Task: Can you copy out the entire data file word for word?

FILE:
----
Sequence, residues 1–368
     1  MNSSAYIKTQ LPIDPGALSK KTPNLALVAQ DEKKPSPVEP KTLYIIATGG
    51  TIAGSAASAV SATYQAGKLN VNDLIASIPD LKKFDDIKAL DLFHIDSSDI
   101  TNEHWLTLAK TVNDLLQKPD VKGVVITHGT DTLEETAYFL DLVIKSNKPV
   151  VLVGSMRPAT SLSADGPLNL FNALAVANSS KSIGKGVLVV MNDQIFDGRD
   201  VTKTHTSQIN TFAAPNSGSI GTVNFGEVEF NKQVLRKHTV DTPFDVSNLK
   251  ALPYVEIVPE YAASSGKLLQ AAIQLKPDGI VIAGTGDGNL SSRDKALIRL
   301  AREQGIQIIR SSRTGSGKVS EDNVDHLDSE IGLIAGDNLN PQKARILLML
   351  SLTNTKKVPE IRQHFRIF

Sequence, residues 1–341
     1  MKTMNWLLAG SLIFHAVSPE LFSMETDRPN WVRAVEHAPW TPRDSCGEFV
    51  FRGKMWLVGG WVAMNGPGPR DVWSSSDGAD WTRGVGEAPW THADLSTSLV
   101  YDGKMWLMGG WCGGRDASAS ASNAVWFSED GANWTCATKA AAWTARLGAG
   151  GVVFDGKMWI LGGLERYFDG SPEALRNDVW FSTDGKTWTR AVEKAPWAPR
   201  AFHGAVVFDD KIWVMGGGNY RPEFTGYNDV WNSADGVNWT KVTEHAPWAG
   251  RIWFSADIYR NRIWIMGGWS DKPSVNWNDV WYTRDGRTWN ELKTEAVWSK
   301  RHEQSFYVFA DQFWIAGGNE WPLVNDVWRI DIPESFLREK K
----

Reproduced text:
Sequence, residues 1–368
     1  MNSSAYIKTQ LPIDPGALSK KTPNLALVAQ DEKKPSPVEP KTLYIIATGG
    51  TIAGSAASAV SATYQAGKLN VNDLIASIPD LKKFDDIKAL DLFHIDSSDI
   101  TNEHWLTLAK TVNDLLQKPD VKGVVITHGT DTLEETAYFL DLVIKSNKPV
   151  VLVGSMRPAT SLSADGPLNL FNALAVANSS KSIGKGVLVV MNDQIFDGRD
   201  VTKTHTSQIN TFAAPNSGSI GTVNFGEVEF NKQVLRKHTV DTPFDVSNLK
   251  ALPYVEIVPE YAASSGKLLQ AAIQLKPDGI VIAGTGDGNL SSRDKALIRL
   301  AREQGIQIIR SSRTGSGKVS EDNVDHLDSE IGLIAGDNLN PQKARILLML
   351  SLTNTKKVPE IRQHFRIF

Sequence, residues 1–341
     1  MKTMNWLLAG SLIFHAVSPE LFSMETDRPN WVRAVEHAPW TPRDSCGEFV
    51  FRGKMWLVGG WVAMNGPGPR DVWSSSDGAD WTRGVGEAPW THADLSTSLV
   101  YDGKMWLMGG WCGGRDASAS ASNAVWFSED GANWTCATKA AAWTARLGAG
   151  GVVFDGKMWI LGGLERYFDG SPEALRNDVW FSTDGKTWTR AVEKAPWAPR
   201  AFHGAVVFDD KIWVMGGGNY RPEFTGYNDV WNSADGVNWT KVTEHAPWAG
   251  RIWFSADIYR NRIWIMGGWS DKPSVNWNDV WYTRDGRTWN ELKTEAVWSK
   301  RHEQSFYVFA DQFWIAGGNE WPLVNDVWRI DIPESFLREK K